- The topic of mourning and grief for those who have had a conflicted relationship with a loved one is rarely discussed.
- Ambivalent loss—feelings of grief and relief—come at the end of a relationship when there are unresolved issues, abuse, or bad feelings.
- The estranged feel ambivalent loss because a sibling is no longer in their life, and they realize reconciliation will never happen.
Grief and relief. These two emotions make a strange pair, yet they’re often experienced together by those who have had a conflicted relationship with a loved one.
Ambivalent loss is the deeply confusing state in which grief and relief exist simultaneously. The end of a relationship marked by abuse, unresolved issues, or simply bad feelings frequently provokes ambivalent loss.
An estranged sibling may feel ambivalent loss when a brother or sister is no longer in their life, and they realize reconciliation will never happen. They’re relieved the immediate suffering is over—but they’re also mourning the hoped-for relationship they must now give up on.
In her bestselling memoir—with the arresting title, I’m Glad My Mother Died—Jeannette McCurdy illuminates this rarely discussed phenomenon. McCurdy’s heartbreaking book chronicles lifelong abuse inflicted by her narcissistic mother. The Nickelodeon star was pushed into acting at age 6. Her mother mentored her into an eating disorder, controlled every aspect of her life—and then died.
“Her death left me with more questions than answers, more pain than healing, and many layers of grief—the initial grief from her passing, then the grief of accepting her abuse and exploitation of me, and finally, the grief that surfaces now when I miss her and start to cry,” McCurdy writes.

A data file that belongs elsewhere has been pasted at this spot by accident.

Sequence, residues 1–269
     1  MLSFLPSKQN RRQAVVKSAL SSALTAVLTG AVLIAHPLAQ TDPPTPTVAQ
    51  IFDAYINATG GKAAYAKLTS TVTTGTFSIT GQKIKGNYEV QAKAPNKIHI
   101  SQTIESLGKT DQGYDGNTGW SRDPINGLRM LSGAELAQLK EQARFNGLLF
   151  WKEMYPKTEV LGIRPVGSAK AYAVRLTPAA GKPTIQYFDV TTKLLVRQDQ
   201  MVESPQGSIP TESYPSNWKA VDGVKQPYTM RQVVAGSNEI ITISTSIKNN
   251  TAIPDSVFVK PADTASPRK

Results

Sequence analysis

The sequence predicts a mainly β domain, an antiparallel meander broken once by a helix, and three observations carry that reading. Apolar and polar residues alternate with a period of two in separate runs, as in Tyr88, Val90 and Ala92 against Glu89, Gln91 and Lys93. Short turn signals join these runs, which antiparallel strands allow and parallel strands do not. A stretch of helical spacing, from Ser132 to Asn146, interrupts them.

Her words succinctly capture the confusion and chaos of ambivalent loss, which produces contradictory feelings of guilt, shame, relief, and longing. Many estranged siblings feel ambivalent loss after making the difficult decision to go “no contact” with a difficult brother or sister.
“I chose to go ‘no contact’ after I was treated terribly when my parents died a few months ago,” a 60-year-old woman wrote in response to a question on my sibling estrangement survey. She had cut off her older brother and sister. She “I’m so glad I don’t have to deal with the constant drama anymore, but I cry every day because I have no family.”
Some feelings of ambivalence are common in any relationship and aren’t especially significant, explains psychotherapist Joshua Miles in an article called, "Understanding ambivalence in loss and grief." (The article appeared on the website for Counseling Directory, an organization that promotes talk therapy.) “Few relationships are devoid of or not complicated by some level of hostility or difficulty at some point,” Miles writes.
Yet few resources exist addressing mourning and grief for those who have had a conflicted relationship with a loved one. “Where is the book on managing unsaid or unspoken feelings or emotions?” Miles writes. “Where is the book to help guide us through a eulogy or funeral where you wish to speak up, but do not know how due to unspoken ambivalence?”
Different varieties of grief
To Miles’ point, several books discuss other forms of grief, such as:
- Ambiguous loss: Psychologist Pauline Boss coined this phrase, describing the experience of losing someone without an event establishing unequivocally that they’re gone. Ambiguous loss can occur after a death, miscarriage, or divorce, or when it’s unclear if a relationship is terminated.